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5 Ways to Improve Your Resume

February 26, 2015

You found the perfect job opening. It has all the elements you desire: compensation, corporate culture, and location are all in line with your dream job. 
There’s only one problem….

Hundreds if not thousands of other people will find this job perfect as well. You know that if you can get to the interview round then you’ve got a legitimate chance to earn the role. Your resume is vital to winning an interview and the job. Is your resume any good? Here are 5 ways to improve your resume today.

1. Your resume should only be one page. - Sue a hiring expert from Gap

Opinions on the length of a resume greatly vary. Some people say that a resume over one page for an entry-level position isn't a bad thing. Others, like our hiring experts, suggest that entry-level applicants should keep their resume to one page. While it may not hurt to go over a single page, it will probably be unnecessary for the entry-level position you’re applying to. The experience, work history and additional credentials you want to highlight should be able to fit onto a single page. Be safe and stick to a well worded, one page resume.

2. Give a detailed account of your job responsibilities. - Kellie a hiring expert from Emerson

While a job title is important to include on your resume, it often times does not give a full account of what your role was at that company. Be sure to highlight every relevant responsibility that you were tasked with in your previous position. Giving intricate details of your job responsibilities will be a great way to compensate for a lackluster title. And, highlighting these responsibilities illustrate your experience, which may align well with the new job you’re applying for.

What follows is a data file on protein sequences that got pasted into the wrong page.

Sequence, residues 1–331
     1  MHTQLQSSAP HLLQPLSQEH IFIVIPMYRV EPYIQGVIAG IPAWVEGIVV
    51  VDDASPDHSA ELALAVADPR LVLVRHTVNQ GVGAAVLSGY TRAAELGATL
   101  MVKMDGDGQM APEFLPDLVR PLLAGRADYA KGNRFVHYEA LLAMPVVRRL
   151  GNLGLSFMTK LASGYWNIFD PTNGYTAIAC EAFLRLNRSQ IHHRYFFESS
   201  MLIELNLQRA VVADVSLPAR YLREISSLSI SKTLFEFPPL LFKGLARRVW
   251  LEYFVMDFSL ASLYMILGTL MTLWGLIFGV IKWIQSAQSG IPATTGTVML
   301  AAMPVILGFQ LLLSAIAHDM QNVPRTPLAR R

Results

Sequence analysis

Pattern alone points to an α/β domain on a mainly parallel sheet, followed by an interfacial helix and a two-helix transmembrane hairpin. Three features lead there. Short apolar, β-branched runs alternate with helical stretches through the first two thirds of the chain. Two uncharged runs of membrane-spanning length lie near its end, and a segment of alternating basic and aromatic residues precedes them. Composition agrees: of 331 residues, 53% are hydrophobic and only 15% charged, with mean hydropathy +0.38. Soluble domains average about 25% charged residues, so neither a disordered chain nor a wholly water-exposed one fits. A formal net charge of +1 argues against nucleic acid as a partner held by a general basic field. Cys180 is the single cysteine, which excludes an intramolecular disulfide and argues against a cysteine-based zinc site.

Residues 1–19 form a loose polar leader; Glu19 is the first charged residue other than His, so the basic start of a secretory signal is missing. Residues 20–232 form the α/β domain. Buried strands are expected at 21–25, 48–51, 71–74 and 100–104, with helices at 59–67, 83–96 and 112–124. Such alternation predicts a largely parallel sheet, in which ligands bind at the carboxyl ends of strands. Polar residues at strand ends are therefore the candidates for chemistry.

3. Use keywords from the job posting in your resume. - Dana a hiring expert at ManpowerGroup

Sometimes your resume is put into a digital database once it’s received by a potential employer. That database will conduct a search of the resumes using keywords from the job posting. If your resume lacks those keywords it will not come up in the search results. Also, using keywords and buzzwords from the job posting will mimic the words being used at the organization and could attract a hiring manager reviewing your resume.

4. List any leadership positions you’ve had in volunteer organizations. - Emily a hiring expert at Fifth Third Bank

Companies are looking for leaders. They want individuals with drive that want to grow and learn. If you have experience running or working with volunteer organizations, then list them on your resume. It tells the hiring manager more about your personality, and it demonstrates you have skills that go beyond your work history. It also highlights the fact that you’re engaged and invested in your community.

5. Mention if you worked through college to pay for school.  - John a hiring expert from DuPont

Many people have to work while earning their undergraduate or graduate degree. Hiring managers really attach to that kind of work ethic. It shows a potential employer that you are willing to work hard, and you’ll do whatever it takes to reach your goals. Also, working while going to school requires discipline and a firm grasp on time management. Both these characteristics are invaluable in entry-level hires.

Remember that your resume is a first introduction with a hiring manager and potential employer. If your resume includes these five elements, you will most likely start to see yourself invited to more interviews and increase your potential to successfully earn employment.

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